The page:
Attenuated positive psychotic symptoms and low global functioning show convincing evidence for increasing transition risk in clinical high risk for psychosis (CHR-P), according to a study published in Schizophrenia Bulletin.

In this meta-analysis, 2 independent researchers performed a 2-step systematic search of literature published between 1998 and May 13, 2018, using the Ovid database to identify 128 studies that investigated the effect of risk and protective factors for transition to psychosis in individuals with CHR-P (N=17,967). Articles meeting the inclusion criteria were original cohort studies written in English examining the association between risk/protective factors and psychotic disorders in the CHR-P population, which included individuals with CHR-P defined by standard psychometric instruments.

Highly suggestive evidence showed that attenuated positive psychotic symptoms were associated with increased transition risk (standardized mean difference [SMD] 0.348; 95% CI, 0.280-0.415), and global functioning was associated with decreased transition risk (SMD -0.291; 95% CI, -0.370 to -0.211). There was suggestive evidence (class III, >1000 cases; P <.01; class I/II criteria not met) that negative psychotic symptoms increased the risk for transition to psychosis (SMD 0.393; 95% CI, 0.317-0.469). Evidence of an association with transition to psychotic disorders was absent or weak for the 16 other factors.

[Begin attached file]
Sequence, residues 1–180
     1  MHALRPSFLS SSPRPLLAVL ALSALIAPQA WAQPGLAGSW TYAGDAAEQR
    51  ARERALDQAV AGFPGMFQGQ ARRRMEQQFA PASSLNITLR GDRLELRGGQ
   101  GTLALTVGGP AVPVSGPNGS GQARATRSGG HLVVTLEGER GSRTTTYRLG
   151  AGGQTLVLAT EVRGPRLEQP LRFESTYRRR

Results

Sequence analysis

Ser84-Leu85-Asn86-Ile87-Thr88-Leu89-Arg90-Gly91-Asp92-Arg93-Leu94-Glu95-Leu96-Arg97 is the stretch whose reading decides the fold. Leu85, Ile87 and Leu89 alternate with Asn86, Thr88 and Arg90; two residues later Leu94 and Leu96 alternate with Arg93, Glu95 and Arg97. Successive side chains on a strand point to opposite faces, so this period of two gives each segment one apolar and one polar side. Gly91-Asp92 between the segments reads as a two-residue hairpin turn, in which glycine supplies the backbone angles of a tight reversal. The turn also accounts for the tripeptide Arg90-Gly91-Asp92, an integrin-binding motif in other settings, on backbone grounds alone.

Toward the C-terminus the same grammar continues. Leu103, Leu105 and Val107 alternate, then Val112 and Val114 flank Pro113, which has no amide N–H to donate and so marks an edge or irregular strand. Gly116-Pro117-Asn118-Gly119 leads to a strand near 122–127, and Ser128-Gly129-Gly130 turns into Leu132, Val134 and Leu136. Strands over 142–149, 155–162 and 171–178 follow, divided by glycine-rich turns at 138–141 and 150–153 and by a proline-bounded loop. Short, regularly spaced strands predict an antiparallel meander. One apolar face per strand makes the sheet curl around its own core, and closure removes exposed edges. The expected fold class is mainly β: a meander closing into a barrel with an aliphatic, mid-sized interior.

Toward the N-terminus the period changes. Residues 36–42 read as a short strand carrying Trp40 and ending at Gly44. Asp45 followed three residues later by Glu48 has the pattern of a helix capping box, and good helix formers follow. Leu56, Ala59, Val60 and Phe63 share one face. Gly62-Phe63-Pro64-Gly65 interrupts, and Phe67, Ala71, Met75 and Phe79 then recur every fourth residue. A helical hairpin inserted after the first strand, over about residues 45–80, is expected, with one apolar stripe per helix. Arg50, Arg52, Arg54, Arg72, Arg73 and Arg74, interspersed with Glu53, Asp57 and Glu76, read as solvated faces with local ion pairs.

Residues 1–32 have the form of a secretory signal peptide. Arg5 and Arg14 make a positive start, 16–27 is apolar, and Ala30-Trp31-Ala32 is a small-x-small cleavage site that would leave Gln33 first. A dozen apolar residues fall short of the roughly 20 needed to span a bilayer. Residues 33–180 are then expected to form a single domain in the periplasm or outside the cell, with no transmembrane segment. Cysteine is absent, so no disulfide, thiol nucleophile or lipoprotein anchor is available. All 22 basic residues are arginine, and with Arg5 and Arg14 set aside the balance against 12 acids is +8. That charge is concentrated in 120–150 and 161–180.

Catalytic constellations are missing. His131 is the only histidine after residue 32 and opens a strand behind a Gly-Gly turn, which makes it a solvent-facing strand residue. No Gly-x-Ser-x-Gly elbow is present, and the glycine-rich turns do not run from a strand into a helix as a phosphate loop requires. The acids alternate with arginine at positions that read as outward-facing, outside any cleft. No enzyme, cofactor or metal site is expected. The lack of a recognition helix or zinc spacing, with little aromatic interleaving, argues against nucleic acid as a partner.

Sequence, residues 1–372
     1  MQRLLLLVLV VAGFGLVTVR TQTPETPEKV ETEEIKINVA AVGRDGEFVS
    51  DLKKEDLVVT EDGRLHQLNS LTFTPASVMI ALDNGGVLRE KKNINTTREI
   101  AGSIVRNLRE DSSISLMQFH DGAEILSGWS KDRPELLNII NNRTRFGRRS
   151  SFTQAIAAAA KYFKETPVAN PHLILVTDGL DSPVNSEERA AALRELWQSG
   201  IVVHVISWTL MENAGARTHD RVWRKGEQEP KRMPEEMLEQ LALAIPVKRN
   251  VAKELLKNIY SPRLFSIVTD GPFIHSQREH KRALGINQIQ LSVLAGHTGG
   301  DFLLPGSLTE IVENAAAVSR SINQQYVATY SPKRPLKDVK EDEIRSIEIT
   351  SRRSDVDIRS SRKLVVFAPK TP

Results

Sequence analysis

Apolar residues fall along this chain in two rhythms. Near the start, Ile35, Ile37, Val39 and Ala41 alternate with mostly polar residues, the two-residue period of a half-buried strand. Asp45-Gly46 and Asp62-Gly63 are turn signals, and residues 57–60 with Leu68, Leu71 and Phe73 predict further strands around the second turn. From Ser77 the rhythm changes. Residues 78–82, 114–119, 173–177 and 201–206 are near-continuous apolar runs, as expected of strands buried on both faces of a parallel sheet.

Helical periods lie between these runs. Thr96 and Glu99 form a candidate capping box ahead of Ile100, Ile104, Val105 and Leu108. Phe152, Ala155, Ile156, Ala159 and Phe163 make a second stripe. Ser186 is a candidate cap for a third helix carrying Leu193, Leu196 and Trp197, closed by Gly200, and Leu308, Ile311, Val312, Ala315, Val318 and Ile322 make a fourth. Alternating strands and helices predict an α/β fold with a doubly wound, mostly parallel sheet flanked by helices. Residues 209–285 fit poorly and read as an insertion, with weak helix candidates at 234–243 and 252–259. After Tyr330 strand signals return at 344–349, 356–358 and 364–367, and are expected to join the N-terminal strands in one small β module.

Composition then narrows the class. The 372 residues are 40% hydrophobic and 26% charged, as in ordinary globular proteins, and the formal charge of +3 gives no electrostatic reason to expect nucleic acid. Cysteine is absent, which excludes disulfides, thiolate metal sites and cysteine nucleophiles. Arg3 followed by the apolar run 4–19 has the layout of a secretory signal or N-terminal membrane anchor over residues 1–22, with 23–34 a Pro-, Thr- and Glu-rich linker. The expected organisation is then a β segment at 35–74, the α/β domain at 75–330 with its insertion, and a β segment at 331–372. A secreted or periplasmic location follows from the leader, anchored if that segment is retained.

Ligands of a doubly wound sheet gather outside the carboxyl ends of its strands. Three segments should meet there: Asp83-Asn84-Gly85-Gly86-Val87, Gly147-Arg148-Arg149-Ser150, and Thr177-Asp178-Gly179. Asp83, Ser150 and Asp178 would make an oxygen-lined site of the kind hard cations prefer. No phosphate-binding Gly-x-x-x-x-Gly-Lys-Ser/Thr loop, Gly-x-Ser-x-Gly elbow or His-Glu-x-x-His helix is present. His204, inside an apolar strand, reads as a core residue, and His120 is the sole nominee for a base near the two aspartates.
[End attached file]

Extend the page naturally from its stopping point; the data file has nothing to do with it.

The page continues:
This meta-analysis is limited by the relatively small size of CHR-P literature compared with other areas of psychiatry. The CHR-P paradigm is intrinsically embedded in prospective cohort studies; future studies could potentially move class III factors into higher classes, which would improve the evidence base. The vast majority of factors assessed in the current literature are risk factors as opposed to protective factors like self-esteem, social support, and resilience. Finally, there is clinical heterogeneity in the CHR-P population.

The current research is characterized by substantial sampling biases. Because the CHR-P field is epidemiologically weak, future CHR-P research should be collaborative, scalable, and better harmonized in terms of assessment of intake criteria and outcomes.

Reference
Oliver D, Reilly TJ, Baccaredda Boy O, et al. What Causes the Onset of Psychosis in Individuals at Clinical High Risk? A Meta-analysis of Risk and Protective Factors [published online June 20, 2019]. Schizophr Bull. doi: 10.1093/schbul/sbz039